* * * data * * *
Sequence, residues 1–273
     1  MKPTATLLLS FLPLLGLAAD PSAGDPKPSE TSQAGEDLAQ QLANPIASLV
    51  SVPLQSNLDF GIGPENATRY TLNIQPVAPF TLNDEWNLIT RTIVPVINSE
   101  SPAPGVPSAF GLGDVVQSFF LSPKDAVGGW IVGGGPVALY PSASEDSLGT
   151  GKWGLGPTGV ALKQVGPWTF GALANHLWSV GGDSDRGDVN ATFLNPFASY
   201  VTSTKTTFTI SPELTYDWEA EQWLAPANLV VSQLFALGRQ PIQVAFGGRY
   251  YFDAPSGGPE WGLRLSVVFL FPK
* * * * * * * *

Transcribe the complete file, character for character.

Sequence, residues 1–273
     1  MKPTATLLLS FLPLLGLAAD PSAGDPKPSE TSQAGEDLAQ QLANPIASLV
    51  SVPLQSNLDF GIGPENATRY TLNIQPVAPF TLNDEWNLIT RTIVPVINSE
   101  SPAPGVPSAF GLGDVVQSFF LSPKDAVGGW IVGGGPVALY PSASEDSLGT
   151  GKWGLGPTGV ALKQVGPWTF GALANHLWSV GGDSDRGDVN ATFLNPFASY
   201  VTSTKTTFTI SPELTYDWEA EQWLAPANLV VSQLFALGRQ PIQVAFGGRY
   251  YFDAPSGGPE WGLRLSVVFL FPK